We tried Little League. We tried swim team. We tried soccer and golf and Cub Scouts.
But the only thing my 9-year-old son really wanted to do was play with Legos, puzzles, and Minecraft. Wes was infatuated with machines, robots, and Rube Goldberg contraptions. He could spend hours fiddling with blocks.
Surely, there must be a way to channel this interest into something more social, I thought.
That was 2016. I went online and searched for things like "Lego club" and "robot club" and "programs for kids who love science." Aside from a few summer camps, I didn't find much.
Then my friend, Mike, told me about a program his kids were doing called the VEX Robotics Competition. They had formed teams with friends and were building robots and using them to compete in an international challenge against other teams. He invited me and Wes to a tournament to see what we thought. It was the coolest thing ever. The kids were having so much fun. It was like a sport for Legos, complete with referees and spectators.
I reached out to a few families I had known from Cub Scouts and asked them if they wanted to start a team. Within a few weeks, we had our first robot kit and were meeting in my garage every week. A few months later, the kids competed in their first tournament. Then they made it to the State Championships. Then they got to the World Championships.
We were hooked.
My son's team, Synonyms of Awesome, is still competing today. They've added a few more members, a bit more facial hair, and a bunch of trophies on the shelf. But most important, they have found "their thing."
The experience inspired me to try to get more kids involved in robotics.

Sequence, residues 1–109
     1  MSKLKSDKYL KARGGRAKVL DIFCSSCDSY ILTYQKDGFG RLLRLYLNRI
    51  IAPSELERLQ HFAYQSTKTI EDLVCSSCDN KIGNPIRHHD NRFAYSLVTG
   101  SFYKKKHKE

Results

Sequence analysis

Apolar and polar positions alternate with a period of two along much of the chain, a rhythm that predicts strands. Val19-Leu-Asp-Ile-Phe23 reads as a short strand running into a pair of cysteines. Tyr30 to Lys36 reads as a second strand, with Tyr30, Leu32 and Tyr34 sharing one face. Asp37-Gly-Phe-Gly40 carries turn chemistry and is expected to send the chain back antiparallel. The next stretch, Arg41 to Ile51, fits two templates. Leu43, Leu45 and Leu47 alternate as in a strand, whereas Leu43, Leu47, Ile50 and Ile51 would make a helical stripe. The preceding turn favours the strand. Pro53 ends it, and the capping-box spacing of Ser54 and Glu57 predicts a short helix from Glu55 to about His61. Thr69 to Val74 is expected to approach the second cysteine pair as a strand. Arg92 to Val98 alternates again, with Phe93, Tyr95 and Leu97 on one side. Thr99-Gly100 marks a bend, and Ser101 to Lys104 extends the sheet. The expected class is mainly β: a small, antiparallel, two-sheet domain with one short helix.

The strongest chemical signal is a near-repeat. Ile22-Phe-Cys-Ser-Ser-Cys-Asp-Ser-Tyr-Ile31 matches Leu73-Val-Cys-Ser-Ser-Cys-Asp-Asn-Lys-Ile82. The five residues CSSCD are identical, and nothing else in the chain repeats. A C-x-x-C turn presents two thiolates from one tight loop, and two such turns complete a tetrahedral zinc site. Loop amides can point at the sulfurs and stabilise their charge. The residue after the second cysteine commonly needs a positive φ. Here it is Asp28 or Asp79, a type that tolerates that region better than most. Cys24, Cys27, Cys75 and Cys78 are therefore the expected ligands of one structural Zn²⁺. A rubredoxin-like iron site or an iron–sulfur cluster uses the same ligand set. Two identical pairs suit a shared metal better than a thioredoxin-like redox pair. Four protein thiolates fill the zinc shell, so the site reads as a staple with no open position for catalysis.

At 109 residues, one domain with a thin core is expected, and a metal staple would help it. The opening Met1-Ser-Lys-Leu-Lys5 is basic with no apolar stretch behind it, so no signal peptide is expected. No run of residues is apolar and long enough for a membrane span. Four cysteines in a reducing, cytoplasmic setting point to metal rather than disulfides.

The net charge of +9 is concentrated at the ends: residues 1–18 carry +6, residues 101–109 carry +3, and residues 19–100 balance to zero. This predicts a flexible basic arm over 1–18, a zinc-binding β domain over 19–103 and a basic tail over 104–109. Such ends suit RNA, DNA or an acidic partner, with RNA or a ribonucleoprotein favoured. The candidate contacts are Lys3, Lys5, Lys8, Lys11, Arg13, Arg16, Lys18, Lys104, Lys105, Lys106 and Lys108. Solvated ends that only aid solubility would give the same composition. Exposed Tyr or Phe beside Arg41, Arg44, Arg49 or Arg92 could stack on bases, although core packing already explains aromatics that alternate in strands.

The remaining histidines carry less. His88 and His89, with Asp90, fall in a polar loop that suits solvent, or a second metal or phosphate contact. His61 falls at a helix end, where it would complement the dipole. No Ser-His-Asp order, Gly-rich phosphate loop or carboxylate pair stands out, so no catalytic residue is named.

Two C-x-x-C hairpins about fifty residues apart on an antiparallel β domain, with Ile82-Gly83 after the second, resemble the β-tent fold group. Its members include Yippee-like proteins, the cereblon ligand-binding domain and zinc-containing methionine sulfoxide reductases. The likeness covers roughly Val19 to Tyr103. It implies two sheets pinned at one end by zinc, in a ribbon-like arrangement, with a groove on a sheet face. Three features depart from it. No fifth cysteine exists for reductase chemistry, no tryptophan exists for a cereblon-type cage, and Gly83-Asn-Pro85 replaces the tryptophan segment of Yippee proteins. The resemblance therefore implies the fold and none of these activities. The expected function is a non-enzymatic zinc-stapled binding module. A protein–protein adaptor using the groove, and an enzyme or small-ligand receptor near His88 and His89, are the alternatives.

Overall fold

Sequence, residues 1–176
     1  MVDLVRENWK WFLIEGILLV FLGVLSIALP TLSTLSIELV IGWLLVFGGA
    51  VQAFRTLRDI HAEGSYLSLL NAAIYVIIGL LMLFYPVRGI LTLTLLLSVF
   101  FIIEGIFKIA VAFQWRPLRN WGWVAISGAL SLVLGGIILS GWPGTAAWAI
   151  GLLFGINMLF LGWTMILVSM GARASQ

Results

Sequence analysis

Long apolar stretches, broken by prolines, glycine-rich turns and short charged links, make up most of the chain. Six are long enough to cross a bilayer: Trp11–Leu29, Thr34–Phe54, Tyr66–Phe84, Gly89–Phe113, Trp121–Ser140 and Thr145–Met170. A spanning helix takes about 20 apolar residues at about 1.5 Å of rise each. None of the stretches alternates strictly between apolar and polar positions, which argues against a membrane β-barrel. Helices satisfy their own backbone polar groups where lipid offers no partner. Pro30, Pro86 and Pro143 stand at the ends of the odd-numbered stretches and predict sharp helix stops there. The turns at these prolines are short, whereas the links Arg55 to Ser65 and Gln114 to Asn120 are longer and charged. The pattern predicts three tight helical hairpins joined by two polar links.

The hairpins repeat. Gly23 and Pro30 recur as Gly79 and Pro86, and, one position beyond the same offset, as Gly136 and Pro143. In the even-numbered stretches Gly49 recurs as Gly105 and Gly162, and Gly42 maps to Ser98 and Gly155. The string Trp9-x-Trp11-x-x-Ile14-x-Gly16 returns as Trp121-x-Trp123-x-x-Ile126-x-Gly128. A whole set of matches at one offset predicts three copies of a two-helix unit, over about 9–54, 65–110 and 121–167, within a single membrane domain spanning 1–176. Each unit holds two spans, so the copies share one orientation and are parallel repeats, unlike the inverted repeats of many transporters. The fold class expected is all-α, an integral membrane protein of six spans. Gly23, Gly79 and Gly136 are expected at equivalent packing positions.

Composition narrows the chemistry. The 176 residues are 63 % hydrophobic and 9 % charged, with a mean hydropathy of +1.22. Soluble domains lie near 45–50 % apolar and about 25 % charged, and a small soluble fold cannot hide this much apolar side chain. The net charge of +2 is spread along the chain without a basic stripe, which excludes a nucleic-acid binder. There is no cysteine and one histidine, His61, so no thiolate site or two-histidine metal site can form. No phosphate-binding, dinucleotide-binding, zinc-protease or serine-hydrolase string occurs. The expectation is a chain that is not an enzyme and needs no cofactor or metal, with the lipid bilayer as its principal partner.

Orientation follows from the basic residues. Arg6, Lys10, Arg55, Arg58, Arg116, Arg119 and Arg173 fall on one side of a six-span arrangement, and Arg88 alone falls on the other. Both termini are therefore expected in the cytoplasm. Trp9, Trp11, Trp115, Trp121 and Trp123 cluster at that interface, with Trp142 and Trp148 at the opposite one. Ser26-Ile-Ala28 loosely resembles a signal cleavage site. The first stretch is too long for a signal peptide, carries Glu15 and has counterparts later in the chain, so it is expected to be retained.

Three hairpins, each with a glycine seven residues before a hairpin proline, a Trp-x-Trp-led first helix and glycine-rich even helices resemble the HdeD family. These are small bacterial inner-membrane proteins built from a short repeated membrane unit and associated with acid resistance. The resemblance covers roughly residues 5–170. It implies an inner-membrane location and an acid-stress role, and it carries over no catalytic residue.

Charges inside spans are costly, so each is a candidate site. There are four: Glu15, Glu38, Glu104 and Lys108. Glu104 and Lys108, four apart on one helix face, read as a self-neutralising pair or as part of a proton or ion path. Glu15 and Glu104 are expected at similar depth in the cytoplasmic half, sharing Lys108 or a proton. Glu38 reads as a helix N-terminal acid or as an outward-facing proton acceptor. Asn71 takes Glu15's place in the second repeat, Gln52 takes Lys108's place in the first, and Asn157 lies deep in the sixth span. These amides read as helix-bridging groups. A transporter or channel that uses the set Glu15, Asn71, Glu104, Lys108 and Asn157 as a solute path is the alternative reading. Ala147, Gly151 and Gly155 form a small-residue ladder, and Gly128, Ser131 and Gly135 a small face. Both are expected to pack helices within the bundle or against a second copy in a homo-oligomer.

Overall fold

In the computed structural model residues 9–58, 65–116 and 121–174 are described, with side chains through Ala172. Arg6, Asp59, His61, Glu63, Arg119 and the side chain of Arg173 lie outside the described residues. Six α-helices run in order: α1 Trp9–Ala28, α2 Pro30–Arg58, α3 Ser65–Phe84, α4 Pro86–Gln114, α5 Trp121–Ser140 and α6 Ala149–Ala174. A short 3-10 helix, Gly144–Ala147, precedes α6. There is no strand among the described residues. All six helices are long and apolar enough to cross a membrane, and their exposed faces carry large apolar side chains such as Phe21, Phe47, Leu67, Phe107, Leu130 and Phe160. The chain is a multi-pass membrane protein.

When Mike and I started RoboKai in 2019, we focused on the VEX IQ Competition that we were most familiar with. RoboKai formed five teams that season, and three of them made it to the State Championships. We had big plans for the next season.
Then the pandemic hit, the tournaments shut down, and we were left wondering what was next.
So, we charted our own course. We moved everything in-house and came up with our own games and challenges. It has been hugely popular with our members.
But I have always wanted to get back to the VEX IQ Competition. It's a different experience than building for battles and fun. It fosters teamwork, project management, and other skills that are in high demand among today's employers. Kids who come out of competition robotics programs are much more likely to get scholarships and high-paying jobs than their peers.
And that's why we are going back.
We recently opened registration for the 2022-2023 VEX IQ Competition season. RoboKai will form up to eight teams to compete in this year's game, called Slapshot. Kids who sign up for our Competition Membership will join a team of 3-4 other students who will build a robot and show the world what they can accomplish.
I am excited to get back into competition robotics. We have some brilliant young minds in our club, and I think we have what it takes to compete for a spot in the World Championships. Several kids are already chomping at the bit to get started.
My son, Wes, is now Coach Wes at the club and will be helping with the teams. We have several other high school students working at the club who also have played on competition teams before and will bring their experience and positive energy to the table.
If you have a son or daughter who matches the description of Wes when he was 9, consider giving competition robotics a try. It has been a life-changing experience for all of the kids I've known who competed. It has given them confidence, comradery, and a path toward a great career.
It truly is the "smart sport."